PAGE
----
December 14, 2011 5:45 AM
Carol J. Schlueter
Tulane students who are eager to experience the “amazing mystique” of Cuba have a new opportunity starting next year — a four-week summer studies program for undergraduates that is returning to the island nation after a seven-year hiatus.
Earlier this year, Tulane leaders worked with officials at the University of Havana to reinstate the summer program, which had been offered from 1999 until 2004, when President George W. Bush restricted academic trips to Cuba.
President Barack Obama reversed that ruling, and plans are under way for the summer 2012 program, says Carolina Caballero, a lecturer in Spanish and Portuguese who is co-director of the summer session along with Ana López, associate provost and director of the Cuban and Caribbean Studies Institute.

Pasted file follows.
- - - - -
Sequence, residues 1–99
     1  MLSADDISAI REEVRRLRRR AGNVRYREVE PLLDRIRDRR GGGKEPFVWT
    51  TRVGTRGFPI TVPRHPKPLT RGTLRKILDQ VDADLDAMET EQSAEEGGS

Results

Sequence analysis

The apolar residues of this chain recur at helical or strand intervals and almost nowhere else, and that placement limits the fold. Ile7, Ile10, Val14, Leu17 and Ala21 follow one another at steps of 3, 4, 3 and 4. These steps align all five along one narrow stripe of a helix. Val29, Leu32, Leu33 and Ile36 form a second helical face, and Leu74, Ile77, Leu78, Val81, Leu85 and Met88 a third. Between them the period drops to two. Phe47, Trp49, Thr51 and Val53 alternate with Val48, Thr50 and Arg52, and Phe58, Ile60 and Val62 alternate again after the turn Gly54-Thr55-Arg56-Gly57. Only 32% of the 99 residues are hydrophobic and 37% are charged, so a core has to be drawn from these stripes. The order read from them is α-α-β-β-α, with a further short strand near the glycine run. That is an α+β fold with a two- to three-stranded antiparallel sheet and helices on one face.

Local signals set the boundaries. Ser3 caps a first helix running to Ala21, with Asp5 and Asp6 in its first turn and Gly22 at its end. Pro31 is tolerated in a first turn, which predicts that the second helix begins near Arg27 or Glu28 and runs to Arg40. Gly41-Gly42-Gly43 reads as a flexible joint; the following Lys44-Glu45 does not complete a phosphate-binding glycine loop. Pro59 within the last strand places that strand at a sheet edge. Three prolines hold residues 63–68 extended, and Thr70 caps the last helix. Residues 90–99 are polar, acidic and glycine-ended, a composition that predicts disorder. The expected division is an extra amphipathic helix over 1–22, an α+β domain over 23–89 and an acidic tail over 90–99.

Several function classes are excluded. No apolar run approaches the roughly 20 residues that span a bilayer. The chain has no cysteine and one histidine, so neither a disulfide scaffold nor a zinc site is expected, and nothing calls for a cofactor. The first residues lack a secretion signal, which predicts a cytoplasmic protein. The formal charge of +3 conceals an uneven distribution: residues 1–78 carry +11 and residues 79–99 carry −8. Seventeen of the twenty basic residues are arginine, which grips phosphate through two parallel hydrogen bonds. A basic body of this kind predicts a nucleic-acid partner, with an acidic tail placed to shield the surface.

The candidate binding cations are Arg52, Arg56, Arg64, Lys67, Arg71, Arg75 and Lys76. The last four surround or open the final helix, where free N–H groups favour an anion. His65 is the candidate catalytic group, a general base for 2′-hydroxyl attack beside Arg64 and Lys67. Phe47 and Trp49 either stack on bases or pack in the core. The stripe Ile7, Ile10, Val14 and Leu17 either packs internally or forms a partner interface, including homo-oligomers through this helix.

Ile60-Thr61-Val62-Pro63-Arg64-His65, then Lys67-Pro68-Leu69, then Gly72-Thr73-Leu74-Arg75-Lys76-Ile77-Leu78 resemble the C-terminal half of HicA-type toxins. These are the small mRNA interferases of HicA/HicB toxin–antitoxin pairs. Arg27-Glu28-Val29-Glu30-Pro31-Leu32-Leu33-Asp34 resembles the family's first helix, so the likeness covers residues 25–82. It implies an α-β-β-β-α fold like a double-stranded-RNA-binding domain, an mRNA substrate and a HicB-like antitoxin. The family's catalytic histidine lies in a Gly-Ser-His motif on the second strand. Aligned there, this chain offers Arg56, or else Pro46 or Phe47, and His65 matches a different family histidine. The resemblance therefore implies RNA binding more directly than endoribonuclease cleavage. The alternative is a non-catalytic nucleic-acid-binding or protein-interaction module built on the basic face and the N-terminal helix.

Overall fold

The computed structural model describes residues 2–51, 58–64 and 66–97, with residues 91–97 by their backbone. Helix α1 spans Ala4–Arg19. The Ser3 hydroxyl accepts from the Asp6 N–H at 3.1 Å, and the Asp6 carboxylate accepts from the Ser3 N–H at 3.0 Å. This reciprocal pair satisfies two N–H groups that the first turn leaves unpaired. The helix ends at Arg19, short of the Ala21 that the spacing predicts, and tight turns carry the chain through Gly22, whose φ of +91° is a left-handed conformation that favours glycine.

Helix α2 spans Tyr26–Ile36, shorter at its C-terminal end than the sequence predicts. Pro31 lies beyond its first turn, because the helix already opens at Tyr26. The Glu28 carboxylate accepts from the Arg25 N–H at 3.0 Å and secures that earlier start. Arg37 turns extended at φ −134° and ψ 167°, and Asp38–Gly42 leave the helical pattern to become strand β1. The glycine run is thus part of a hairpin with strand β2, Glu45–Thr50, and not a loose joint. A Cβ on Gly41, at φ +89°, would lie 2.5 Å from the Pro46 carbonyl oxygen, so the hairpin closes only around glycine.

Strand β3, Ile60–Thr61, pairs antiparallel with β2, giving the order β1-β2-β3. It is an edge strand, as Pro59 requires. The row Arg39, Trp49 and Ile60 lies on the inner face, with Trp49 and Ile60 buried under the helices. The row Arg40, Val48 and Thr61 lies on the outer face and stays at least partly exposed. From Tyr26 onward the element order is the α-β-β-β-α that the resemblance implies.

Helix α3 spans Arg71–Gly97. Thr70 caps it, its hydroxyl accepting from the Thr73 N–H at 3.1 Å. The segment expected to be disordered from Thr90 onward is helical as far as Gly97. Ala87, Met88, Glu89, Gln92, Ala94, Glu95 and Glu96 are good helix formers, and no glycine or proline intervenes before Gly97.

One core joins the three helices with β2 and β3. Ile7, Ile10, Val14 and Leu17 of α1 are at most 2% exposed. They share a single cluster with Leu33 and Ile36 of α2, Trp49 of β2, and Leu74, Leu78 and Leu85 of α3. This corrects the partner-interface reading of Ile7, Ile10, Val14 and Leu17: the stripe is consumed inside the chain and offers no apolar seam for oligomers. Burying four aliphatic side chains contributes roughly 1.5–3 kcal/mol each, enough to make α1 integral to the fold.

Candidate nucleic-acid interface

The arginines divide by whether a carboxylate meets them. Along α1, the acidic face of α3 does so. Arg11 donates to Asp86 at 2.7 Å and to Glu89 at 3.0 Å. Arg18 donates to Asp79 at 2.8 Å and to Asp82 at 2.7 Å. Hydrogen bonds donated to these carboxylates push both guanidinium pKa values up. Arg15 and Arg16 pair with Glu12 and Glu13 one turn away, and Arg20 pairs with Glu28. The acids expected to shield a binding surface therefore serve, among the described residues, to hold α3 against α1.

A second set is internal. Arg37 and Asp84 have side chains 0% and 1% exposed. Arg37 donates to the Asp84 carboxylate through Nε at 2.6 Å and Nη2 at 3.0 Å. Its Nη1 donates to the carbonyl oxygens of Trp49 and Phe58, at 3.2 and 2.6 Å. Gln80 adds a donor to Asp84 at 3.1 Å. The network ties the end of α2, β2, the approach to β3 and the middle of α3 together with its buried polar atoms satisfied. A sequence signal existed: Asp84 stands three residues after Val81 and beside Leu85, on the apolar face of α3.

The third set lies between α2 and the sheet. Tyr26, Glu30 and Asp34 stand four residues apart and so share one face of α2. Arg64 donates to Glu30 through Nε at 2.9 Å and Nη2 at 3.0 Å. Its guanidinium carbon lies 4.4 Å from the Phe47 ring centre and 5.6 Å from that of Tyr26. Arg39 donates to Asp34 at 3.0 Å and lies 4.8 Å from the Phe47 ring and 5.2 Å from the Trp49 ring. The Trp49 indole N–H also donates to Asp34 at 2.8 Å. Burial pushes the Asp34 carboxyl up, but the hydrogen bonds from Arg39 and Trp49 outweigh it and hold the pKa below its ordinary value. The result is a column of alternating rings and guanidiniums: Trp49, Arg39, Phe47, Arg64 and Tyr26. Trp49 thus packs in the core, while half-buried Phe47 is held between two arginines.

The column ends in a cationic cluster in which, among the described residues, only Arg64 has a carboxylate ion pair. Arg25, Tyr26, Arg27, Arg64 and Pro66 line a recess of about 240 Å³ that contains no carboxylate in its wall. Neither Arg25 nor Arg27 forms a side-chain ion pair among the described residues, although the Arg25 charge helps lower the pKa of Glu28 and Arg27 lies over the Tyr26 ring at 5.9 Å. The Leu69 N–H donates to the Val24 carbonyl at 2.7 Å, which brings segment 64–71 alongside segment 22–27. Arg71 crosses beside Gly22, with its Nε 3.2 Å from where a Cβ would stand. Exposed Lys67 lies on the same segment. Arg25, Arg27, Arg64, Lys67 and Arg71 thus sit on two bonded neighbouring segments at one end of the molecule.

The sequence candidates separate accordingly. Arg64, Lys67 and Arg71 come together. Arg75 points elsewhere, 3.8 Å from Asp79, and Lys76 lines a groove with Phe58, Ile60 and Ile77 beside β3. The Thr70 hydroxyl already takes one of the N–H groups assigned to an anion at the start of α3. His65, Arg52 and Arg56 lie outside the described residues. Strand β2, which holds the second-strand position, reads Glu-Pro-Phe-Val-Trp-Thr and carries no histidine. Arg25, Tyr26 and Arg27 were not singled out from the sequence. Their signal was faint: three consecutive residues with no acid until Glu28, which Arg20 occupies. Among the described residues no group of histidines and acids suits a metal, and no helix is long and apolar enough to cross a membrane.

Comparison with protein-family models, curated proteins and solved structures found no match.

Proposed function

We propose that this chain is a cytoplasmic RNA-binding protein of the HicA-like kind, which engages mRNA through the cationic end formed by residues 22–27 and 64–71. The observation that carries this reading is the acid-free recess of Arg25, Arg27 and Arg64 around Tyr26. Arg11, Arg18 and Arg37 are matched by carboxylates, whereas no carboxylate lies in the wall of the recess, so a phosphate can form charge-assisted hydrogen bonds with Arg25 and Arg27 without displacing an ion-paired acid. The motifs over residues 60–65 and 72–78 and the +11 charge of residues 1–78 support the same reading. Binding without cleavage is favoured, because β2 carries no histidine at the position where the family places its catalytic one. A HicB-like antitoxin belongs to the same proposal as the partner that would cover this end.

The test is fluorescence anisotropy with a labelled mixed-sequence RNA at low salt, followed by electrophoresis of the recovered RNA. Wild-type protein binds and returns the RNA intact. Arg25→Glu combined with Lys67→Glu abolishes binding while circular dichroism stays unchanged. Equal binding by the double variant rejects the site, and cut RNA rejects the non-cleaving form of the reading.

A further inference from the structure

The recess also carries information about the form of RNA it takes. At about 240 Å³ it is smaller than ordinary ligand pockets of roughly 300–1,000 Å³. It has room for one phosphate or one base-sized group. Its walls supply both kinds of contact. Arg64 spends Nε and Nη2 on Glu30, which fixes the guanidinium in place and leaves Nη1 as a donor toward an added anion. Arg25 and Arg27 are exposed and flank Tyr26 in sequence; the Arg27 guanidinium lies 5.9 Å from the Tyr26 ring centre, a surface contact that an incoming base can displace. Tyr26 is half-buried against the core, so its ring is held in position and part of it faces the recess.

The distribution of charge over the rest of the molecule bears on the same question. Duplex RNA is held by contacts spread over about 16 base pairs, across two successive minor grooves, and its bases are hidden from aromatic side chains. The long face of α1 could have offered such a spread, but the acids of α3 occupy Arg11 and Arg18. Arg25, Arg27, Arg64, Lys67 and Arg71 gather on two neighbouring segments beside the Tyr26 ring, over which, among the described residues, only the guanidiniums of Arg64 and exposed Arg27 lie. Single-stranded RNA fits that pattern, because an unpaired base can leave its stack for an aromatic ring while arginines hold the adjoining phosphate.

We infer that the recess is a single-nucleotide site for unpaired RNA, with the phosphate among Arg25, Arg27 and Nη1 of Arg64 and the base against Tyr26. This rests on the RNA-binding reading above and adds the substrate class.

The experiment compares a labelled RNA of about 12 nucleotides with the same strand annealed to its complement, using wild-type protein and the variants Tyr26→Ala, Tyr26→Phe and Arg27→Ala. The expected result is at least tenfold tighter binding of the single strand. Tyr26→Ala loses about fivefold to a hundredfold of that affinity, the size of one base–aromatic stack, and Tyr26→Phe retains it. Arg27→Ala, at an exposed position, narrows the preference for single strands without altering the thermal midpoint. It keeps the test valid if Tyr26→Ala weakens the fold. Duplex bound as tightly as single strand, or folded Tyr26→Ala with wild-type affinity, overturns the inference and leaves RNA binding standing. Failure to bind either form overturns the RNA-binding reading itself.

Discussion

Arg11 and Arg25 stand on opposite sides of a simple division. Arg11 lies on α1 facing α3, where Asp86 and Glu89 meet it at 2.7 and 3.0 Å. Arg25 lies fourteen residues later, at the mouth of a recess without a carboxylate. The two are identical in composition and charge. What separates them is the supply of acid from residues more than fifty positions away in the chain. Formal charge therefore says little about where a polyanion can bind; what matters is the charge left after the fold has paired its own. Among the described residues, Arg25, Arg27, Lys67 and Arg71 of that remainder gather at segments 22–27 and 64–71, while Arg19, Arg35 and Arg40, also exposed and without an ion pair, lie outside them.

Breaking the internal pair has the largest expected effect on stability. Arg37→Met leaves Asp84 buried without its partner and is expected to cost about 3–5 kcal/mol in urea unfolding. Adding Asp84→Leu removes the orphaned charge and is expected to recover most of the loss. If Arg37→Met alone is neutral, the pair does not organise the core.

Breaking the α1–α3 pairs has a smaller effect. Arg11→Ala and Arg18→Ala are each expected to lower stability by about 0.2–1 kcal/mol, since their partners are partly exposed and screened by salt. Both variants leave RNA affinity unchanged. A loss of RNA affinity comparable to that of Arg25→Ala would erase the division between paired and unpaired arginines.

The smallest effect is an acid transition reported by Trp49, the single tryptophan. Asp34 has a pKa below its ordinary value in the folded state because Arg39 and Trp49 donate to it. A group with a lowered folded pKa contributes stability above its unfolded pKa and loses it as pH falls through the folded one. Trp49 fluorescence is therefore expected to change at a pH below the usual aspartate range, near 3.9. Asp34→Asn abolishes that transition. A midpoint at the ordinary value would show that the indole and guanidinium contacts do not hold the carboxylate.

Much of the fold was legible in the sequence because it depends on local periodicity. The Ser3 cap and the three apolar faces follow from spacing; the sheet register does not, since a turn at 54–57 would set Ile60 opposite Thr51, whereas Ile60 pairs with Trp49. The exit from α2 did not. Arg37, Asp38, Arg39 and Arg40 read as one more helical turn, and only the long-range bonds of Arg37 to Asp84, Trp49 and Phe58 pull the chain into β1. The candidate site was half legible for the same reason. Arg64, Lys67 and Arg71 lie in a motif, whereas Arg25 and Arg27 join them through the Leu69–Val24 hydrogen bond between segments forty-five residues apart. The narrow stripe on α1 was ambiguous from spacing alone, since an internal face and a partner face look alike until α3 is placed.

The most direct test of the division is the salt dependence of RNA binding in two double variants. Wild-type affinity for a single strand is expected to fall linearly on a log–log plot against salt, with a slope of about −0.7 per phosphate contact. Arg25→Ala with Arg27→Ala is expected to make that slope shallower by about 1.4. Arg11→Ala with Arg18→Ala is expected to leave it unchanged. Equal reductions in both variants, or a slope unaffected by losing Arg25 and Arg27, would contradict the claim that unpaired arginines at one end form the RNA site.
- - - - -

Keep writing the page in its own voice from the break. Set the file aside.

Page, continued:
There is a mystique to Cuba, Caballero says, perhaps enhanced by the embargo preventing travel there by U.S. citizens. “Students are curious about what is going on there — to be there, to live there, to be part of that,” Caballero says.
Only a few U.S. universities will be sending groups to Cuba next summer, and Tulane is pleased to be one of them, she says. Organizers hope to have at least 20 students enrolled in next year’s session, which will take place May 26–June 23, 2012.
“There are few U.S. undergraduates who have the opportunity to do short-term study of this high caliber in Cuba,” says López.
Students who complete the program will earn six credits. Three classes will be offered, including one required course on the culture and society of Cuba, with lectures by Cuban professors, professionals and intellectuals as well as excursions and field trips. Courses are available for both Spanish and non-Spanish speakers.
Applications are due Feb. 17, 2012, for the summer program. Tulane also offers a Junior Year Abroad option in Cuba in the fall semester.
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